DAVIES, John (1569-1626), of the Middle Temple, London and Englefield, Berks.

Published in The History of Parliament: the House of Commons 1558-1603, ed. P.W. Hasler, 1981
Available from Boydell and Brewer




Family and Education

bap. 16 Apr. 1569, 3rd s. of John Davies of Chisgrove, in Tisbury, Wilts. by Mary, da. of John Bennett of Pitt House, Wilts. educ. Winchester; Queen’s, Oxf. 1585, BA Magdalen 1590; M. Temple 1588, called 1595. m. 1609, Eleanor Touchet, da. of George, Lord Audley, 1st Earl of Castlehaven [I] by Lucy, da. of Sir James Marvyn, 1s. d.v.p. 1da. Kntd. 1603.

Offices Held

MP [I]. Speaker of the Irish House of Commons 1613; solicitor-gen. [I] 1603-6, attorney-gen. [I] 1607-19; serjeant-at-law 1606.

J.p. Wilts. from c.1579.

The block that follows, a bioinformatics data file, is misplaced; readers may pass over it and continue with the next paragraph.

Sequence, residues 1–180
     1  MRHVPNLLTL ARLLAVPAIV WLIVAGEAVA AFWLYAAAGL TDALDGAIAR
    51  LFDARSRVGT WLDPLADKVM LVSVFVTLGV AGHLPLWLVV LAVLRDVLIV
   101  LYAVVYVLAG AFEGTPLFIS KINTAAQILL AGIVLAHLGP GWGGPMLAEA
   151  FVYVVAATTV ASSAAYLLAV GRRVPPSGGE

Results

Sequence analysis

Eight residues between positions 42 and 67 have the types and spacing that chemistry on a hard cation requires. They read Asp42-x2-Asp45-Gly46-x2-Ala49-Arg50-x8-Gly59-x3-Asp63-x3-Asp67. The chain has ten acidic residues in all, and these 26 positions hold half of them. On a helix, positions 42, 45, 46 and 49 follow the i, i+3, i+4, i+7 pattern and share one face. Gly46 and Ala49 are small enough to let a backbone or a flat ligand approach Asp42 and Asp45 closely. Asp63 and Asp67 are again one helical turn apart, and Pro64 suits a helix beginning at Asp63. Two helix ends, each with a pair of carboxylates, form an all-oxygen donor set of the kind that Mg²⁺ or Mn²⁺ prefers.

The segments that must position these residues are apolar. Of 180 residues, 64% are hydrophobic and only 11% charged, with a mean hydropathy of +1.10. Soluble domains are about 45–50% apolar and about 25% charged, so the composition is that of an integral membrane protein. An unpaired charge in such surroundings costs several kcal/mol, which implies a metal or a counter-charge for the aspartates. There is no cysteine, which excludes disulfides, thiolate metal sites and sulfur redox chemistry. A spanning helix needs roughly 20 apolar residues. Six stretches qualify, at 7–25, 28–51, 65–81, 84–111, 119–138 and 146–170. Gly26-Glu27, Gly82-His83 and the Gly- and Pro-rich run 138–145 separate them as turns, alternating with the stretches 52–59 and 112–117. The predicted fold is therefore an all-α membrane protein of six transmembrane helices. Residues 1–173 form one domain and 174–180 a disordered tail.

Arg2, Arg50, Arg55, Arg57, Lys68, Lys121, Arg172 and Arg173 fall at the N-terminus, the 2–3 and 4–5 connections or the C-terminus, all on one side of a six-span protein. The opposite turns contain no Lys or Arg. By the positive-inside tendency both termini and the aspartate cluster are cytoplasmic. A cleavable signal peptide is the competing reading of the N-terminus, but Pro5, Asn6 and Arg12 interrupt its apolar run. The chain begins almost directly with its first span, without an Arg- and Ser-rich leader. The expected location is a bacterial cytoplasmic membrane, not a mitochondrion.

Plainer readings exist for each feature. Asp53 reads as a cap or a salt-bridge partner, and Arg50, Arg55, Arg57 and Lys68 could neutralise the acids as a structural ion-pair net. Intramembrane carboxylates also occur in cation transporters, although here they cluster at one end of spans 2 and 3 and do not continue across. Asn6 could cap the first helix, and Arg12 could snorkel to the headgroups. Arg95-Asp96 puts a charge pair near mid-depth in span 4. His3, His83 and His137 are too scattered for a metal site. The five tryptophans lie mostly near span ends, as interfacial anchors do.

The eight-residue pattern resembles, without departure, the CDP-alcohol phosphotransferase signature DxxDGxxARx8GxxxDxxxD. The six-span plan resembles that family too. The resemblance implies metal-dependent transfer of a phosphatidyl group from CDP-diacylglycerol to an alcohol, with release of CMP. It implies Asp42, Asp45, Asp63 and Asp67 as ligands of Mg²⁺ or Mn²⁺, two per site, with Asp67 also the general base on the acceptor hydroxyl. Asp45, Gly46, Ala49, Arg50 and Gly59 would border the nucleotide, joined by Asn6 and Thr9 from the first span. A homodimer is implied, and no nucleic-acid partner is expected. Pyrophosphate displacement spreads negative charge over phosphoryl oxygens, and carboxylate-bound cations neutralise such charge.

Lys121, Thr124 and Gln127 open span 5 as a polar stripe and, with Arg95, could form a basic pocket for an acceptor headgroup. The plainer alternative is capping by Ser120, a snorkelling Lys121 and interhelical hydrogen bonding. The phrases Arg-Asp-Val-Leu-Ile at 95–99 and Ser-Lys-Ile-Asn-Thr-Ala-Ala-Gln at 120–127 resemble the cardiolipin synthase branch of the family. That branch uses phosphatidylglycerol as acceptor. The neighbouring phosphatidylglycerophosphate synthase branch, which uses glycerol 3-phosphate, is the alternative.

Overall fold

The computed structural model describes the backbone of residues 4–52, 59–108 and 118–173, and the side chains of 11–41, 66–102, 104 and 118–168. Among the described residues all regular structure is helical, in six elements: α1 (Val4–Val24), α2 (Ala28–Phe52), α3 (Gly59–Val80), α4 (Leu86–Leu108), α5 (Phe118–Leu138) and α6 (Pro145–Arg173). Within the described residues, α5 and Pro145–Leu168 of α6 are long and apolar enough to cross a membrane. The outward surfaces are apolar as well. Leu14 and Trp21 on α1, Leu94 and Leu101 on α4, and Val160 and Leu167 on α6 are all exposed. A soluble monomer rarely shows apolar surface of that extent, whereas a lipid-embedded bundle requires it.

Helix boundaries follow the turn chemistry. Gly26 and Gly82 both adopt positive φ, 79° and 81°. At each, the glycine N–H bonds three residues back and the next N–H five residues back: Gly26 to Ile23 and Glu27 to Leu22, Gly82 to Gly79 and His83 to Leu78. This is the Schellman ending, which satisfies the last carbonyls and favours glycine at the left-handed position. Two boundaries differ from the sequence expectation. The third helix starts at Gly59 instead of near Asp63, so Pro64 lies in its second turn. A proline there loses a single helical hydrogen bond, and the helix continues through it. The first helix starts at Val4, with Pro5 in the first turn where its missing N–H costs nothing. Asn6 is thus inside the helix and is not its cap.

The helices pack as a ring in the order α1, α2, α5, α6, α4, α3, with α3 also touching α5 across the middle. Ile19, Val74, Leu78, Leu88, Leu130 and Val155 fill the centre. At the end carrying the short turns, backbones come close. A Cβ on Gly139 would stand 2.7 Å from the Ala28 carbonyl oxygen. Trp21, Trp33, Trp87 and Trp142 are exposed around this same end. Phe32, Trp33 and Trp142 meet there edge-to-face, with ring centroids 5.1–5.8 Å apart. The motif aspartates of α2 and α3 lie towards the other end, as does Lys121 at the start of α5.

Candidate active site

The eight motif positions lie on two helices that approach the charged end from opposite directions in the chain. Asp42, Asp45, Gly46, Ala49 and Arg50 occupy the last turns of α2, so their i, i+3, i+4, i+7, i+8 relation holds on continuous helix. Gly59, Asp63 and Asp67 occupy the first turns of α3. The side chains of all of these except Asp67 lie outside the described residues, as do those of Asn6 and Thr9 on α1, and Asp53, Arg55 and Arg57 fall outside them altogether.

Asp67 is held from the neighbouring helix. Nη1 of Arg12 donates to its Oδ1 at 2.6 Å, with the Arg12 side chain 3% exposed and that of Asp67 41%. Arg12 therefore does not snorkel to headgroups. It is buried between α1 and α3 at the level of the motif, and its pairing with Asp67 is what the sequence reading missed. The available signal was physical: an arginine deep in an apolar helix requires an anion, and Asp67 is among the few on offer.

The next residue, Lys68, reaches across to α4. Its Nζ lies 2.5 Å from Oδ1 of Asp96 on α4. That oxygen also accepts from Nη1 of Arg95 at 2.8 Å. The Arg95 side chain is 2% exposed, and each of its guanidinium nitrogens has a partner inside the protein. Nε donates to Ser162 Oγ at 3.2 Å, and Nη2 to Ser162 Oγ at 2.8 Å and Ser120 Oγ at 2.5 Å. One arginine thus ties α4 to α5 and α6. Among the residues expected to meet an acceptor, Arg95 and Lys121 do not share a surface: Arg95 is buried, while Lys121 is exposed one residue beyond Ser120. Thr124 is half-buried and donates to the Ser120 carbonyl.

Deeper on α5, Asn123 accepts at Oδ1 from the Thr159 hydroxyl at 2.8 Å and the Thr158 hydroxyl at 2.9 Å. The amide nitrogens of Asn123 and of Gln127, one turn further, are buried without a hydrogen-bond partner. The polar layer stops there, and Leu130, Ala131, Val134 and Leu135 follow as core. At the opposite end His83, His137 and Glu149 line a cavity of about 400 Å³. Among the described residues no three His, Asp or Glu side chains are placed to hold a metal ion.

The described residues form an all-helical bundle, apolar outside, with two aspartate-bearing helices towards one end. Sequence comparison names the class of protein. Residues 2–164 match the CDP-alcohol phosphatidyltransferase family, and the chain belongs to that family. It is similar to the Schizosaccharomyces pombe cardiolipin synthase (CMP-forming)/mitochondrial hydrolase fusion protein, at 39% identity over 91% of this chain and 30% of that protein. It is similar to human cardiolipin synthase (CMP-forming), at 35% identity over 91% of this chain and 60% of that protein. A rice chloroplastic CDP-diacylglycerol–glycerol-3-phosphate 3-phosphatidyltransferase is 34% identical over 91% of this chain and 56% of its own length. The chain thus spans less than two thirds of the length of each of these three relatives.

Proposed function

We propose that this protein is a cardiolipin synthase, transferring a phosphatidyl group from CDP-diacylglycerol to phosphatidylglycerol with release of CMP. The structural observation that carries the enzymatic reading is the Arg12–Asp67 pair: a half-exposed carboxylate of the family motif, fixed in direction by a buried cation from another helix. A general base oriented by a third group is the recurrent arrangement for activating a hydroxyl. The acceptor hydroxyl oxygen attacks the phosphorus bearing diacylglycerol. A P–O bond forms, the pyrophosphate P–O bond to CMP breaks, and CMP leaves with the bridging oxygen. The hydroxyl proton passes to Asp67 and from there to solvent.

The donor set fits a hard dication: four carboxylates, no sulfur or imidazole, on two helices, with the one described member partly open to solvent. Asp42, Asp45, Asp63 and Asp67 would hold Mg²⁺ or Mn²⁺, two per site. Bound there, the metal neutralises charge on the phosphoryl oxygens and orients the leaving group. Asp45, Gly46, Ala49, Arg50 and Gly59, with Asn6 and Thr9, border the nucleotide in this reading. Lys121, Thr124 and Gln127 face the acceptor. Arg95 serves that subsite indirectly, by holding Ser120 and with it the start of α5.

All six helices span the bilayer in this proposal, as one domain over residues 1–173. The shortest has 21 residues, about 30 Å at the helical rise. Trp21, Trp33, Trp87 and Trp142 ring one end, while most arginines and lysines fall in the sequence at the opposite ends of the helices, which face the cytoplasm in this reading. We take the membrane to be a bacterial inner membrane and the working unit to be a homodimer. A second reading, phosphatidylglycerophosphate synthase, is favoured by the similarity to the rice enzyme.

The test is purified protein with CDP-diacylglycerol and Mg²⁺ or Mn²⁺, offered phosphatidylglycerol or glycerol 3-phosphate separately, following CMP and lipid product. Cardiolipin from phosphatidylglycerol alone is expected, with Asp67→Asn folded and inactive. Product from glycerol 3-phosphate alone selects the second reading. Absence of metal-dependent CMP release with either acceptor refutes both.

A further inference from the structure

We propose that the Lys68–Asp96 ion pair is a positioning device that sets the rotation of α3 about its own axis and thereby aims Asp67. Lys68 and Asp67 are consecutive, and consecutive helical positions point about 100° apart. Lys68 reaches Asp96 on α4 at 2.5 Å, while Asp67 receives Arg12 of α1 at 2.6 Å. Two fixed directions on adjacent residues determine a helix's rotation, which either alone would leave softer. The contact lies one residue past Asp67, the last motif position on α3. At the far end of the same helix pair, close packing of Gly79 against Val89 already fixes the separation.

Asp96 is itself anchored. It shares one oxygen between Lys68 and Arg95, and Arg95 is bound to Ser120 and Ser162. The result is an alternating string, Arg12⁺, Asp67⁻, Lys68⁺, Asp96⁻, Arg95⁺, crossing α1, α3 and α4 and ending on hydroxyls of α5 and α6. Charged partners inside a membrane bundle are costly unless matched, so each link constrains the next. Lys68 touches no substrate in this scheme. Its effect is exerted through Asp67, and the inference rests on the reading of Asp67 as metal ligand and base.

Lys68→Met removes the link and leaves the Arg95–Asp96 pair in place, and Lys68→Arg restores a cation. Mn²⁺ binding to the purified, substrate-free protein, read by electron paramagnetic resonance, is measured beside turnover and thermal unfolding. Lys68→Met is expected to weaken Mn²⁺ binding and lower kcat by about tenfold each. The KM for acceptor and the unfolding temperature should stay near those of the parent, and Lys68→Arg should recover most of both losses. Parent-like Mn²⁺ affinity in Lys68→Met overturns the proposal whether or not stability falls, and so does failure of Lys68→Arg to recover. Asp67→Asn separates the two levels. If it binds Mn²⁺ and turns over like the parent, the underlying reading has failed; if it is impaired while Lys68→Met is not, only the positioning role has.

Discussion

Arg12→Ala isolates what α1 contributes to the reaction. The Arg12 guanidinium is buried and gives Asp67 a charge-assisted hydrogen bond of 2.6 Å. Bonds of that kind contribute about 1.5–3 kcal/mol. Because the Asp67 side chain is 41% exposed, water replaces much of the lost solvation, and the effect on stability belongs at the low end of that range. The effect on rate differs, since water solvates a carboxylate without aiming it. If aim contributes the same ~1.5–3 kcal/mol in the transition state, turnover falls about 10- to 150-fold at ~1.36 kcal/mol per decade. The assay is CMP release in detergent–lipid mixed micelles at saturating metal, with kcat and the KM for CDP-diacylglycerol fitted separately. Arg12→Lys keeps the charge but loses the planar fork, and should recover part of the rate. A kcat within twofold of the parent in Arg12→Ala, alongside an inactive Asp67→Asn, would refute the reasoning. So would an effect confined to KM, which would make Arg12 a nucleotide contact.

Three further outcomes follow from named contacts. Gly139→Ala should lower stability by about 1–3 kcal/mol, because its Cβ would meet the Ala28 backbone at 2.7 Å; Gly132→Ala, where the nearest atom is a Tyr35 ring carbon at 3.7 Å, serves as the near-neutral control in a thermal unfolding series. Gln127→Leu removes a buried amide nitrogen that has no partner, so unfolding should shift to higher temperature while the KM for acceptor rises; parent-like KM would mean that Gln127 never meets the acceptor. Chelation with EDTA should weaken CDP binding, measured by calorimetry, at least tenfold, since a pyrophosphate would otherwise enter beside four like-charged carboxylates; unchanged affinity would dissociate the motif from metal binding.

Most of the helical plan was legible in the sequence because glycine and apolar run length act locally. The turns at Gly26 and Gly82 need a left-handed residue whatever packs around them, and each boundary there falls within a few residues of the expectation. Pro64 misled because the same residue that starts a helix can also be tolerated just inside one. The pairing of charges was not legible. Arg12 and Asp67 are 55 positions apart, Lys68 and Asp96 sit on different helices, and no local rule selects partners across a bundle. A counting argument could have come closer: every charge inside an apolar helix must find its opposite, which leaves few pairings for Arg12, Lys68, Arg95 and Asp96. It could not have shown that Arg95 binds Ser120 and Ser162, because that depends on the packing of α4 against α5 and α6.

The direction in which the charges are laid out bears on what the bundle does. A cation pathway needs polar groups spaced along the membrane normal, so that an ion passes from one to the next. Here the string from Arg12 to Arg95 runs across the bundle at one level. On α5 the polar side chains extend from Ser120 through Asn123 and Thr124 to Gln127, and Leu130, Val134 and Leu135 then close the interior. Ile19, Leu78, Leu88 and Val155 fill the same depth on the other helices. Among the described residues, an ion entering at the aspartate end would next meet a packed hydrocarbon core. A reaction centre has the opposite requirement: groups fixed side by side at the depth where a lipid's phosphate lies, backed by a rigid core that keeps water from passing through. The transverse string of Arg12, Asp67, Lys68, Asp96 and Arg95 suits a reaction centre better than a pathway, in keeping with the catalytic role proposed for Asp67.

Davies’s father, who had been to New Inn and practised law in Wiltshire, died when he was young, leaving the children in the care of their mother, who ‘brought them up to learning’.2 Davies was fined for dicing and disorderly behaviour at the Middle Temple in 1591, expelled for disorderly and insulting behaviour in 1592, re-admitted, called to the bar, and in 1598 disbarred ‘for ever’ after a fight with his friend, the wit Richard Martin, whose sallies at the expense of Davies provoked the quarrel. Davies now retired to Oxford, where he established himself as a poet. In Trinity term 1601 he was re-admitted to the Middle Temple after a public apology to Martin. Sir Edward Coke, to whom Davies dedicated at least one of his poems, was presumably responsible for Davies’s parliamentary seat at Corfe Castle, but no connexion has been established between Davies and the 2nd Earl of Pembroke, who controlled Shaftesbury. On 10 Nov. 1597 he renewed a motion on monopolies and was appointed to the ensuing committee; on 19 Nov. he spoke on the masters of Oxford and Cambridge colleges and was appointed to the committee, and on 21 Nov. he served on a committee concerned with spinners and weavers. In 1601 he reverted to monopolies, causing a stir in the House by the extreme nature of his suggestions. During the debate on 23 Nov. he cited precedent to the effect ‘that the King cannot create a disseisin